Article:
Part of the lovely shamrock mosaic floor at the Tipperary

Gosling and the Boar’s Head were given a page in Ned Ward’s rhyming pub guide to London, A Vade Mecum for Malt Worms, written around the same as the mug house riots. This makes the Tipperary today one of the few among the 200-plus pubs Ward wrote about in the Vade Mecum and its companion, the Guide for Malt Worms that are still open. Ward described the Boar’s Head’s landlord as “justly prais’d/and by his Courage and good Drink emblaz’d/Is to some height of reputation rais’d.”

He had a better reputation than a later landlady. In 1775 there was a complaint by the wardmote inquest against Sarah Fortescue, widow and victualler of the Boar’s Head alehouse in Fleet Street, for keeping her house open at unseasonable hours, frequently the greatest part of the night, and for harbouring and entertaining “lewd women and other infamous and disorderly persons to the great disquietude and disturbance of her neighbours.”

Some time after the premises had risen from mere alehouse status: in 1812 the Boar’s Head was described as “That well known and long established first rate Wine Vault and Liquor Shop,” brick-built, four storeys high, and in the occupation and on lease to Mrs Geary at “the very low rent of 50£ per annum.”

The Boar’s Head survived the demolition of its neighbour, the Bolt-in-Tun, and then became the fourth of the Mooney’s Irish House chain in London in 1895, four years after the death of JG Mooney himself (the company continued under his sons Gerald and John Joseph, the latter a nationalist MP and, in 1900, the youngest member of the House of Commons.) The Mooneys brought in an English architect, RL Cox, to refurbish the pub, and it was presumably under his direction that the mosaic floor was put in, and the front step installed that still says “Mooney’s”. A fifth pub, near Piccadilly, was bought in 1896. The original premises in the Strand were closed when Kingsway was built, but a new bar was opened at 395 The Strand in 1900 which, until it shut around 1967, was famed for having the longest bar in London. At one point the company had another pub in Fleet Street, at No 154, formerly the Portugal, which closed in 1910. The serving staff in all its pubs were all male and Irish – no barmaids, apart, apparently from a brief experiment around 1963 – and Mooney’s Irish Houses were known for excellent service, excellent prices and excellent food.

No … no, I’m very sorry, it isn’t

Through the 1960s the company began to retreat from London, with the former Boar’s Head disposed of in about 1966-67, which is when the name change from Mooney’s Irish House to The Tipperary looks to have taken place. At the same time the name The Boar’s Head seems to have been resurrected for the upstairs dining room, as indicated on the signboard outside the pub: I am sure I can remember that the name “The Boar’s Head” used to be visible between first and second-floor level on the pub’s fascia in the 1980s or 1990s. Greene King is supposed to have taken the pub over in the 1960s: I haven’t researched this particularly, but the 1979 Camra “real beer in London” guide shows the Tipperary selling Everard’s Tiger and Wethered’s bitter, which suggests this is as inaccurate as the rest of the signboard’s claims about the pub. It apparently closed for a couple of years around the start of the 1980s, I believe, for a refurbishment, and it was certainly a Greene King pub in 1986, when it was listed for the ’87 Good Beer Guide as selling IPA, Abbot and the much-missed (by me) Rayment’s BBA. I am middlingly sure I drank Rayments in the Tipperary about that time, since I would have hunted out a rare central London outlet for one of my favourite beers, though that was 32 years ago. GK looks to have sold the pub a few years back, and it is now under independent ownership.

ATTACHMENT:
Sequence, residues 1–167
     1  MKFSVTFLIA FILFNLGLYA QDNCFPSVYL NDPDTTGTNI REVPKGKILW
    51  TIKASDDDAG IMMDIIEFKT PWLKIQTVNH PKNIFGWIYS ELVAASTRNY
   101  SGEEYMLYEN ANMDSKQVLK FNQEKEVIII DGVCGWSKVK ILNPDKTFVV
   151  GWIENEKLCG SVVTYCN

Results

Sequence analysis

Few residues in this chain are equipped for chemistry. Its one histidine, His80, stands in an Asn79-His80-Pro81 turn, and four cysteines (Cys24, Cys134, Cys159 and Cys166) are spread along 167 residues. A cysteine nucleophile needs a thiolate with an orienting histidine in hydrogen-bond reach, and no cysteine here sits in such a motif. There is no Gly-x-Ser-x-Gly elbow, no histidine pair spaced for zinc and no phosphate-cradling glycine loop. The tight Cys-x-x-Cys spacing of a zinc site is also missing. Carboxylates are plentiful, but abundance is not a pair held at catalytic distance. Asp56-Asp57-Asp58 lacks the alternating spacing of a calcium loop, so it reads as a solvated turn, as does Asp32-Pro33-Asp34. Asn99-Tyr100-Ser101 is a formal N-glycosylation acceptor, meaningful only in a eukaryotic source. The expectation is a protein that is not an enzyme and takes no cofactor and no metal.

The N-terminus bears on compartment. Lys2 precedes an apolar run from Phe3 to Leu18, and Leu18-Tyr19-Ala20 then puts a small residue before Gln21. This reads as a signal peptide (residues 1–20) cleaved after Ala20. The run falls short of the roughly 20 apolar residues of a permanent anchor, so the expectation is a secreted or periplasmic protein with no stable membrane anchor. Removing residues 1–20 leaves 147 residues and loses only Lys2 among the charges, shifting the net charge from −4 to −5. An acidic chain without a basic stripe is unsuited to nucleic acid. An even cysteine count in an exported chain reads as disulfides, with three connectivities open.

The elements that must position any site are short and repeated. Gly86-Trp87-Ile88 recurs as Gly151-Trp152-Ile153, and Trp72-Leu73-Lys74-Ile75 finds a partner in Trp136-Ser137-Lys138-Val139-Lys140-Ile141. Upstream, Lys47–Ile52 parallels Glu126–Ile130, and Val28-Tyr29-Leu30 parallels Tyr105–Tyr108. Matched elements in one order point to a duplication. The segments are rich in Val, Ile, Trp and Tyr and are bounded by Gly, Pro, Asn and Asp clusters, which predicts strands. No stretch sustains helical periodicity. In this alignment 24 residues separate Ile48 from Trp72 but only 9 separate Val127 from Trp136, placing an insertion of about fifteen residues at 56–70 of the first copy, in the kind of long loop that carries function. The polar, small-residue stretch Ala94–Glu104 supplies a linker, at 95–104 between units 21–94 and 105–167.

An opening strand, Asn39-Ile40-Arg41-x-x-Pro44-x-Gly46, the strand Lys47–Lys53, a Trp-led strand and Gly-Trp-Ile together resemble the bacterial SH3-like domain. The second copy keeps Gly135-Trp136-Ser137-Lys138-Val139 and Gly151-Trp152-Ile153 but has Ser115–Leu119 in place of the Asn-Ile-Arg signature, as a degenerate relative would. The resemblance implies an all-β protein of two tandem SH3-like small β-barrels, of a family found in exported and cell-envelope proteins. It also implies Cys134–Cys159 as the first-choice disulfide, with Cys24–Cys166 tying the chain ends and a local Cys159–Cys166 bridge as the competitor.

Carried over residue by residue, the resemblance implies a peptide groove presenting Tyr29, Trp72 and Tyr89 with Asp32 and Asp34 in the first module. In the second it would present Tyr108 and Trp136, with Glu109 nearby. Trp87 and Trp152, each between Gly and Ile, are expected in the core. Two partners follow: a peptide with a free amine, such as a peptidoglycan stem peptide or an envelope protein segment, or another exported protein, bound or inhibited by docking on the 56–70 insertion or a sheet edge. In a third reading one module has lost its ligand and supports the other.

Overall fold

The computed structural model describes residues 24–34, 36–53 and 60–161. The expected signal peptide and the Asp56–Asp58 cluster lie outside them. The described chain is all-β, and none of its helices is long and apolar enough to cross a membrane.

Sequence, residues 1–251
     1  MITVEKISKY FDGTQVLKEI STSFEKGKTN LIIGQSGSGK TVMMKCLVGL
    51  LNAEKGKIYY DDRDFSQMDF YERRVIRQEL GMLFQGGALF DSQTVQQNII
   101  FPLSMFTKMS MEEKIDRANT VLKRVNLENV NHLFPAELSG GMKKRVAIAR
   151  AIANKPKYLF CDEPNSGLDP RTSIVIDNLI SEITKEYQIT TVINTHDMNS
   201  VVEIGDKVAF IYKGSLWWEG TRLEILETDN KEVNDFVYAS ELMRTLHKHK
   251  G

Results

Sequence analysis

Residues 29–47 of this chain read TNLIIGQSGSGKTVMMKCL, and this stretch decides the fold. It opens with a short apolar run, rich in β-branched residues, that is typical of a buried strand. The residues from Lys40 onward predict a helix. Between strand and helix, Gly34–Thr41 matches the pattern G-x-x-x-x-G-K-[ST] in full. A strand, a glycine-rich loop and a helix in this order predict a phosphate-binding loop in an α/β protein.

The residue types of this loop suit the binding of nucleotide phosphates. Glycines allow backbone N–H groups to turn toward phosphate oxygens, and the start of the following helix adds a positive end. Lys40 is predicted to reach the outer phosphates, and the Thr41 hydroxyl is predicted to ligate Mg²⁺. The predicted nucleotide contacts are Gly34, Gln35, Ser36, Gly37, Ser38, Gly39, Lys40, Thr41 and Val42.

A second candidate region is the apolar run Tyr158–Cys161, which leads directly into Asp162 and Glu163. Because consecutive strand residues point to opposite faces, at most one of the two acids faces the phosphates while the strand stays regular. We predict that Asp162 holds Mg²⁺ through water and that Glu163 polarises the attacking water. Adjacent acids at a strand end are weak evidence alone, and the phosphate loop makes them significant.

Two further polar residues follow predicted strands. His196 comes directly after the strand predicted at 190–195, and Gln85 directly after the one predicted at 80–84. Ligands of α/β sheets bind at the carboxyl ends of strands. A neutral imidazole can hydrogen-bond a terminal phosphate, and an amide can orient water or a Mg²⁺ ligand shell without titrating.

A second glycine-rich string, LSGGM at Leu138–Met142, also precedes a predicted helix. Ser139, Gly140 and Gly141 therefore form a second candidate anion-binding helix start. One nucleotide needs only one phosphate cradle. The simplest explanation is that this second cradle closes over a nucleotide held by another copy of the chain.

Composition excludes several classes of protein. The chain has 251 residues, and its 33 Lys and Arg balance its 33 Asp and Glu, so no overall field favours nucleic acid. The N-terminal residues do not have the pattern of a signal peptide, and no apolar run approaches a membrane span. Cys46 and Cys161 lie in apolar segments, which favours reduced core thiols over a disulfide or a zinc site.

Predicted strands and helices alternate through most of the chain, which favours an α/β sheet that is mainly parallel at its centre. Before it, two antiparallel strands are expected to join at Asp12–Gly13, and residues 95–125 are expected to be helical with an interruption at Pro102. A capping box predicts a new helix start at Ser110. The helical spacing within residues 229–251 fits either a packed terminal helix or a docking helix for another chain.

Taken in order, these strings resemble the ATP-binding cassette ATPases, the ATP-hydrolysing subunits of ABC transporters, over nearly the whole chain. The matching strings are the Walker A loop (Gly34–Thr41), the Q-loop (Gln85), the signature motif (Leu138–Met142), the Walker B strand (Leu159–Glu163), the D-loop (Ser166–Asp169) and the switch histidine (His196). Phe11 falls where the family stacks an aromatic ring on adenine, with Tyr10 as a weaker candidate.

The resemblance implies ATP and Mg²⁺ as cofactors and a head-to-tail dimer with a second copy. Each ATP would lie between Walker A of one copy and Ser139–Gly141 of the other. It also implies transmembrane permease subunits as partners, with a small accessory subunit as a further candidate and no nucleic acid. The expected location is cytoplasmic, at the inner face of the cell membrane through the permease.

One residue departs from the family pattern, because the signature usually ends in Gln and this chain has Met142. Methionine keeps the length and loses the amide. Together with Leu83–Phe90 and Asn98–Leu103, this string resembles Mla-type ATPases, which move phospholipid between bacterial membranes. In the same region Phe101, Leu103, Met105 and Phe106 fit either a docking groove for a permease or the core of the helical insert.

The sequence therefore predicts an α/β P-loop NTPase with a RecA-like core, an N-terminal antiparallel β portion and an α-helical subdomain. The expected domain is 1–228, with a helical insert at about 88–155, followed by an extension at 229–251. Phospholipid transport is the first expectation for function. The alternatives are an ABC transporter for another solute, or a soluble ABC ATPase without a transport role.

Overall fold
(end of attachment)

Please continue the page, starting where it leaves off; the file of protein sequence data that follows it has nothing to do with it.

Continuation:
That’s it: a vastly, vastly more accurate history of one of London’s oldest pubs than you will find anywhere. What are the chances of promoting the correct version of events over the one on the signboard? Not good, I fear: there are at least five books, a number of newspaper and magazine articles (including one from the Daily Mirror which was, again, wrong in every sentence) and dozens of websites repeating the total nonsense version, including one book published a couple of years ago that talks of “the famous Dublin brewer SG Mooney & Sons” – they can’t be that “famous”, mate, you’ve never heard of them before, because THEY DON’T BLAHDY EXIST. And the more observant of you will have spotted that this particular author can’t even copy inaccuracy accurately: the signboard outside the Tipperary says “& Son”, not “& Sons”.

(Astonishingly, should you have £46 to throw away, you can buy a Tipperary pub Christmas decoration, 7.5cm high, to hang on your tree – down from £82, apparently.)

36 thoughts on “The Tipperary, Fleet Street: It’s a Long, Long Way from Accurate History

  1. Great take-down of inaccuracy and grammatical/typographical error. Particularly apposite for the location, as you say. Such a shame, then, that you include: “but it is NOTING to do with returning printers…”

    Or was that deliberate? 😉

  2. Nice one, though possibly a bit unfair on the rats. Recent research indicates that they couldn’t spread plague as fast as it went and the fleas more likely travelled human-to-human.

    The Parnell Mooney on Parnell Street was, I think, the last vestige of the former Mooney chain in Dublin. It was rebranded as simply “The Parnell” about ten years ago. The Grafton Mooney is now Bruxelles and The Baggot Mooney is a bank. In Ulysses, Joyce refers to “Mooney’s en ville” and “Mooney’s sur mer”, meaning the Abbey Street and Eden Quay branches, respectively. Both were destroyed in the 1916 Rising.